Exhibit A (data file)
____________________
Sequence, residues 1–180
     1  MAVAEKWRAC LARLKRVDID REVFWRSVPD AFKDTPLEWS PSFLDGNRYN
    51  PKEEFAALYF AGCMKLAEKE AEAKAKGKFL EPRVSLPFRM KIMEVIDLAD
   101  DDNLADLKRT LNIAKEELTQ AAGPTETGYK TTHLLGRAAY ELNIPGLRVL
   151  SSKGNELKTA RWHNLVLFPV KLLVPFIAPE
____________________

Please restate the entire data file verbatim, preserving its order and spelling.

Sequence, residues 1–180
     1  MAVAEKWRAC LARLKRVDID REVFWRSVPD AFKDTPLEWS PSFLDGNRYN
    51  PKEEFAALYF AGCMKLAEKE AEAKAKGKFL EPRVSLPFRM KIMEVIDLAD
   101  DDNLADLKRT LNIAKEELTQ AAGPTETGYK TTHLLGRAAY ELNIPGLRVL
   151  SSKGNELKTA RWHNLVLFPV KLLVPFIAPE